Let me be the most clear about this: the internet doesn’t need my words, I just need to say them.
Last Wednesday night I was teaching an online class about abiding, in our dining room. It was my favorite class I’d taught in a while. Somewhere in the middle of it, I heard Nick yell, “OH NO!” through the glass doors that separate our dining and living room. I tried to complete the class without overthinking what might have gone wrong. When I’d signed off and finished my work, I joined him on the couch as we worldlessly watched the first bits of news come in.
Emanuel AME, Mother Emanuel, just 2.9 miles from our house.
Tragedy. Murder. Suspect still on the loose.
We spent the next few hours peering out our windows, checking in with family and neighbors, watching the news, and refreshing twitter incessantly. Nick finally came to bed in the early morning hours of Thursday. We didn’t have a lot of words to express our thoughts, just tears and news updates.
Thursday morning we talked through many things: was it safe for our kids to go to VBS, who would go to which events and vigils, how did we want to handle church on Sunday? I rode my bike to the gym, sobbing with my whole body, as I was exposed to the somber streets of my city. I saw grief, fear, and anger where I normally passed so many neighbors of so many colors nodding and smiling and waving graciously.
Our neighbors had been murdered. And it wasn’t that everything had suddenly changed, it was that the veil had been lifted once again exposing the idols, strongholds, and constructs of our city. I want you to know that Charleston is not consistently voted the #1 place to live in America by accident. It’s amazing. It’s beautiful, it’s got the best of all worlds. Our people are fantastic. And they are not, we are not all racists. Downtown Charleston feels a lot like a fresh new south. But the strongholds are still there. The constructs are there. And I have lived here ignorantly, talking about wanting peace and multi-cultural life – without living a life that seeks peace for all my neighbors.
With Trayvon Martin, Michael Brown, Walter Scott, McKinney Texas – I sat and watched the news, broken. It seemed so clear to me that SOMETHING WAS NOT RIGHT. I grew up seeing racism in my community and friend groups, I knew it in in subtle forms and heard it in vicious words. I didn’t know that many people in my adult life who flaunted it so clearly, but I believed it was real and that it was undergirding so many of the issues that flashed across my news screen. I thought what I saw happening was wrong. Tragic. Bewildering. But I stayed mostly silent.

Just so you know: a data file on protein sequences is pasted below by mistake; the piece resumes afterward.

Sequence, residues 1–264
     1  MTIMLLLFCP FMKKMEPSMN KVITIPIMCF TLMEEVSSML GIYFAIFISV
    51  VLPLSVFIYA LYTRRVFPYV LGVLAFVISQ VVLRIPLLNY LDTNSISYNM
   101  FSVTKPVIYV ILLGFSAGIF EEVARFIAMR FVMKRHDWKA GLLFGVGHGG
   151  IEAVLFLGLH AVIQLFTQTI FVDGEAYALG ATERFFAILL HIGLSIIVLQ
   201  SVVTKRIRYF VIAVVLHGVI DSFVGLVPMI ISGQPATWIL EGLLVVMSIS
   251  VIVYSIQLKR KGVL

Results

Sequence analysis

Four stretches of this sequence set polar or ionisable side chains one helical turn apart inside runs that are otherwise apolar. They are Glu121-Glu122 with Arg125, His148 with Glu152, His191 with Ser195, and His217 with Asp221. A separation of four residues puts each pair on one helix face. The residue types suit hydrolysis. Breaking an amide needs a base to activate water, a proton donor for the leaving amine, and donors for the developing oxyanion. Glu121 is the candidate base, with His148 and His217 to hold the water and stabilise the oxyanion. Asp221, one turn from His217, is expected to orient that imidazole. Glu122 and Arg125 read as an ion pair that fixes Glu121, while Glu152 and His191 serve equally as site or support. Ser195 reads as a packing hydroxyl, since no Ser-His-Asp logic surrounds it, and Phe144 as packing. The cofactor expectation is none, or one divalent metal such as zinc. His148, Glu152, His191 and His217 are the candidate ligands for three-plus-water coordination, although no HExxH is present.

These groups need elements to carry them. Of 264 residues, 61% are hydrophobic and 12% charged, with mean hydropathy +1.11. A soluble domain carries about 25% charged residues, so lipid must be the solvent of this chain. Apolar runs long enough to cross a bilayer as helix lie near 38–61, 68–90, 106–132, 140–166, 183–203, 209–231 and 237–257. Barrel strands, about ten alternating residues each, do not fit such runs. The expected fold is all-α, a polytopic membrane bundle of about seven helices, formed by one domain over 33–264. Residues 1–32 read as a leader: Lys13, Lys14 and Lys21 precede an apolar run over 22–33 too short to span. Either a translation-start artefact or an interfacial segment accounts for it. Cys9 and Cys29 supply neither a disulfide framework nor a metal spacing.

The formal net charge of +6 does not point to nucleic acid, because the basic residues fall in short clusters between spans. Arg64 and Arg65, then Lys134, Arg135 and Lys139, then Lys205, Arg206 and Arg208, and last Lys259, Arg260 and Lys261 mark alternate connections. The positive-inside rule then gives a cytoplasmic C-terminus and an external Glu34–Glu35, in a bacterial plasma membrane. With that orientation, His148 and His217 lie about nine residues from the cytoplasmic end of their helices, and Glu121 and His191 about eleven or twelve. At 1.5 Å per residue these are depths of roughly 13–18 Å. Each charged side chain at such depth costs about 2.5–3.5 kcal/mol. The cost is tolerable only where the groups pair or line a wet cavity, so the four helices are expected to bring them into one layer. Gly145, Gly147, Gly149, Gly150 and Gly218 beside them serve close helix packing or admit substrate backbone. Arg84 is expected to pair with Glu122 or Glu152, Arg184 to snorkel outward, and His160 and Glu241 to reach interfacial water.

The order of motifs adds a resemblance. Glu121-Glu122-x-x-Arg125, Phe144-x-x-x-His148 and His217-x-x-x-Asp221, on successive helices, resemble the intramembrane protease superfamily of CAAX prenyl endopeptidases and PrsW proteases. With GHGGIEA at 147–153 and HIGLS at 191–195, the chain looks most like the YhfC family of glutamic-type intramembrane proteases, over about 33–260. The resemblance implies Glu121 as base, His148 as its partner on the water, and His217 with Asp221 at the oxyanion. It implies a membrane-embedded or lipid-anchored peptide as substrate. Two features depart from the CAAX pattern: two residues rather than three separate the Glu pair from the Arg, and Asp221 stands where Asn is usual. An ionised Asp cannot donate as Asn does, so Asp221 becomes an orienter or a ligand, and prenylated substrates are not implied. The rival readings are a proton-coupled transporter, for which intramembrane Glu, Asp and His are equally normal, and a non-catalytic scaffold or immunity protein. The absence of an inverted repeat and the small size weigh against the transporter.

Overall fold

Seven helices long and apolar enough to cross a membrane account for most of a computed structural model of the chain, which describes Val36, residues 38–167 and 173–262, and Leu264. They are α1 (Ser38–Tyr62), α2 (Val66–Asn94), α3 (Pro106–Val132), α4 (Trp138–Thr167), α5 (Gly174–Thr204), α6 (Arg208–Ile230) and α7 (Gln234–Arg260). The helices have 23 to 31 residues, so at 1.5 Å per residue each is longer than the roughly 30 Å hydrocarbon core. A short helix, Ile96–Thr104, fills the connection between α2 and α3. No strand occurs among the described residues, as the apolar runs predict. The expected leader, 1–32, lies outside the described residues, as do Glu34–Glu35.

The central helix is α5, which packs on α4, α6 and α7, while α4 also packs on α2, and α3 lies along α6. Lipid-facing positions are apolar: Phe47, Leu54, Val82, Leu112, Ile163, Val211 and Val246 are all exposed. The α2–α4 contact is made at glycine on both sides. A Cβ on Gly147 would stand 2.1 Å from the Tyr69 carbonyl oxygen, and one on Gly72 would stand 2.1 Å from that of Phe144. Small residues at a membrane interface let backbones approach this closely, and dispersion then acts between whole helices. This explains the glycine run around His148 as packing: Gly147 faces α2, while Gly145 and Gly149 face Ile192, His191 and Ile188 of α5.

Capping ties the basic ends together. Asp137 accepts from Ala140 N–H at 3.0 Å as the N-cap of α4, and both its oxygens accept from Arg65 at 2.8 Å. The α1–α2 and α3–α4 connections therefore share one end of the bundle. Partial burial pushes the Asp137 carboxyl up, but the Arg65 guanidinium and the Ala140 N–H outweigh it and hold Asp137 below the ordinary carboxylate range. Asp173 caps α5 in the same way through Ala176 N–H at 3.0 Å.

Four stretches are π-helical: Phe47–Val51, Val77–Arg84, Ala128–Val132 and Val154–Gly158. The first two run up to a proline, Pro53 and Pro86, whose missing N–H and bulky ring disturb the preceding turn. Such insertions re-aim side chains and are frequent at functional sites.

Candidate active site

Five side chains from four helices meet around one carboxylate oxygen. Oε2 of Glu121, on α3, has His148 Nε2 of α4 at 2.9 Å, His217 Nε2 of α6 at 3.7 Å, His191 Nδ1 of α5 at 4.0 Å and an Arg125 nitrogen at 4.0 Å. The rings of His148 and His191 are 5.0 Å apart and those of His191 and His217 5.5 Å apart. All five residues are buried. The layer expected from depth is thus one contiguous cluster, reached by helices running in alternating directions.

Once I tried to tweet something, but I didn't do it wisely, it was an uniformed link with polarizing language. It frustrated someone I cared about it and I backed down. I lived in quiet fear and bought all the lies of why it was ok that I not say something. My voice wasn’t NEEDED, was it? So many other voices knew better. And I was speaking general truth out into the world about God, wouldn’t that ultimately help the larger problem of the darkness that pervaded us? But let’s call it what it was: fear. I was fearful that in trying to say the right thing, I’d say the exact wrong thing. I was fearful that I tried to start, I’d be exposed as exactly what I am: privileged, lacking knowledge about what it means to be black or minority in America, and unwise about how to combat the massive problem of racism in our country and world.
But then my neighbors were murdered. And it should never have taken that. But I won’t go back. I won’t live in fear. I won’t consider my own self-preservation greater than the worth of my brothers and sisters in Christ and my neighbors of all colors.
I am waving my flag and my palms are up. I haven’t seen surges of racism in my heart, but I have let ignorance and passivity run wild and I am so, so sorry. I have cared so much about the injustice that I see, but I’ve stayed quiet and I haven’t lent my voice or my hands to building a solution.
I don’t even know what it looks like. So I’m praying for ambassadors, for people I can listen to who know better. I’m asking Holy Spirit with all that is in me to show me next steps – of love, reconciliation, compassion, healing, rallying, support. I am vowing to cross the street and ask those neighbors how they’re feeling and what I can do. I am calling racism what it is and calling ignorance what it is and calling murder what it is. I am having the hard conversations with my kids and my friends and online followers.
Because my neighbors are worth it. They are worth so much more than that.
I have been ignorant and I am sorry.
I have been quiet and I am sorry.
I have been passive and I am sorry.
As my hands are up in repentance, I’m grateful for the grace that pours out on them from my loving Jesus. I believe He cares about this injustice so much more than I ever could and I believe He WILL lead us to repentance, He WILL lead us to justice, He WILL lead us to change. I believe He has been, long before I woke up to my ability to join this fight. I pray He works miracles in my lifetime and I pray my kids inherit a different Kingdom of God on earth. I pray theirs looks more like His than mine done. I pray their neighbors, of all colors and sizes, feel safer than mine do. I pray that they’ll see my life from here on out and won’t follow in my previous footsteps of passivity and ignorance.
And I’m begging for Him to help. Help my neighbors who are hurting beyond my own imagination. Heal my city and our nation from the inside out. Start with me, show me Your ways, give me your heart.
This post is dedicated to my neighbors: Cynthia Hurd, Senator Clementa C. Pinkney, Sharonda Coleman-Singleton, Rev. Daniel Lee Simmons Sr., Depayne Middletown Doctor, Myra Thompson, Tywanza Sanders, Ethel Lance, and Susie Jackson.